The information in this blogpost may now be out of date. See the current GOV.UK content and publishing guidance.
A few weeks back we made a change so that it's mandatory to have at least one attached file or HTML version available on a publication page.
We did this because it's important that we provide a consistent user experience for publications.
What is a publication?
The publication format on GOV.UK is conceived as the end point for accessing a stand-alone, self-contained document - something which is reached via the website as opposed to being part of the website. The document itself is a date-stamped, issued information product - something portable, packaged, intended for distribution. Usually there is some ceremony about its release. Often there are bibliographic reference numbers.
The function of a publication cover page on GOV.UK is to provide meta-information about the document. It is the permanent, canonical URI for accessing and referring to the document (as opposed to the attachments themselves, which might be numerous, may get replaced, can accumulate in number over time, or offer multiple file formats representing the same document).
At the other end of the spectrum, there are things which are less obvious fits for the format, like maps, forms, circulars and newsletters, posters and similar marketing material, and correspondence with ministers and officials (like decision letters). These still fit the definition, albeit less clearly.
In the middle of that scale sit things like transparency data and responses to FOI questions. These have more in common with publications than, say, any of the announcement formats in that they are things which are released, issued, made available - more often than not in a document format.
What's not a publication?
Outside of the scope of the publication format on GOV.UK fall things like:
- slides, agendas, minutes and meeting papers (these are not publications and should instead be attached to the governance group, policy team, policy advisory group or policy detail pages that the meetings relate to)
- macro-enabled spreadsheet templates, calculators and tools (these are usually not publications and should instead be attached to the policy detail pages they relate to)
- videos (just like images, these are not publications and should be embedded into the news stories, case studies, policies or policy detail pages they relate to - or indeed into the HTML version of a publication that they help illustrate)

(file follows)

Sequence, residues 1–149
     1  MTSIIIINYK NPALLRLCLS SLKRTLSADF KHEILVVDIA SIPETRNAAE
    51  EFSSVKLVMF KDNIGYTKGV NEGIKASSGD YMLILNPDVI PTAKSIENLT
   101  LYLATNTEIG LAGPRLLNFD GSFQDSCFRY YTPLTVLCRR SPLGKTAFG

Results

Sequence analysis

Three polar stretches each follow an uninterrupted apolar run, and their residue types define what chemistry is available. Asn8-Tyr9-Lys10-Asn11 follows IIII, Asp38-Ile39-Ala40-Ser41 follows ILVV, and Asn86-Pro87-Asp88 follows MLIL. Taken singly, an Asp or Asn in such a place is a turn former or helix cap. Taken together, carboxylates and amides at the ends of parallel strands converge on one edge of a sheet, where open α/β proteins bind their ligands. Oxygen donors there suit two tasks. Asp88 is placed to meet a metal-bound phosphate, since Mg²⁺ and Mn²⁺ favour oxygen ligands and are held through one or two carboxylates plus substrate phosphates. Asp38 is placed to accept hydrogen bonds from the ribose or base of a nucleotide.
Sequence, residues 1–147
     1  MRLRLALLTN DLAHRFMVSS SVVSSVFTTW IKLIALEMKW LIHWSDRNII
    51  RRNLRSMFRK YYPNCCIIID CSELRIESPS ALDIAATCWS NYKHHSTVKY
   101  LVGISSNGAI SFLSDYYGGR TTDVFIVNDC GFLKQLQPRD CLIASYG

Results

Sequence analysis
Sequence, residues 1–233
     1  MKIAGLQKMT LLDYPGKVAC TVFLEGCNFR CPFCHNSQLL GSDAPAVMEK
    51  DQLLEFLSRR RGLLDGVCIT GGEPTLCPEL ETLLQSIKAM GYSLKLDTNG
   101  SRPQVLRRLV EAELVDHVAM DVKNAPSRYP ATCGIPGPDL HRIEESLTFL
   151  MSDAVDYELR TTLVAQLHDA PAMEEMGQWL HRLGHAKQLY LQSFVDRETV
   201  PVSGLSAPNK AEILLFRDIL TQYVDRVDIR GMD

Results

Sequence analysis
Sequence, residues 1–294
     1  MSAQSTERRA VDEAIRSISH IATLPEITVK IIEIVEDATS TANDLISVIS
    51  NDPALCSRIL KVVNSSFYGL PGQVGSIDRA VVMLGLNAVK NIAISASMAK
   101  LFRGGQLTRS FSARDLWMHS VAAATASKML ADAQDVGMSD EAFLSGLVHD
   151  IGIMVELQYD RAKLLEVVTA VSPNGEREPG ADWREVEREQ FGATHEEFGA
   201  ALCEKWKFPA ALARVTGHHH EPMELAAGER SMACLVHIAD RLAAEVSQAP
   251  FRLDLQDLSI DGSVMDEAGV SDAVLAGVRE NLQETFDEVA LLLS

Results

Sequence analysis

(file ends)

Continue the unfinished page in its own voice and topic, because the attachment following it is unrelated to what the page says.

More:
What the change means for you
Now that it's mandatory to attach a file or add an HTML version to a publication, this kind of thing can no longer happen:
In other words, you should never (and now cannot) put the content of the publication itself into the "Detail" ("body") part of the publication cover page.
Here's what the GOV.UK style guide says the "body" field is for on the publication cover page:
The body of a publication page is used to provide a summary of the publication in plain, neutral language – to reassure the user that it is (or isn’t) what they’re looking for. Include what the publication is about and its purpose. Publications often outlive governments so keep the language politically neutral.
Include links to related publications but use series to group them if more than a few.
Good example: ‘These reports describe the effect of government proposals to reduce the amount of money spent on legal aid. The aim of the reforms is to make sure legal aid is still available for support and representation in cases where it is justified."
There are 3 known problems with the current implementation, which we will deal with in future sprints:
1. I acknowledge that, in the case of very short FOI questions and answers like the screenshot above, it feels a bit like overkill to have to click through to a separate HTML document to view the content. We'll be looking at FOI as a special case for future iteration. Until then, putting the actual content into the HTML version is the right thing to do and a more appropriate use of the format than crowbarring it into the wrong fields.
2. We will need to migrate the legacy publications that have content in the wrong fields into HTML versions.
3. The inconsistent labelling of the field in admin ("body") and the heading on the frontend ("Details") is confusing both on publications and consultations. We'l sort that out when we can.
Those are the problems we know about. There may be other problems we don't know about, so please don't hesitate to point them out.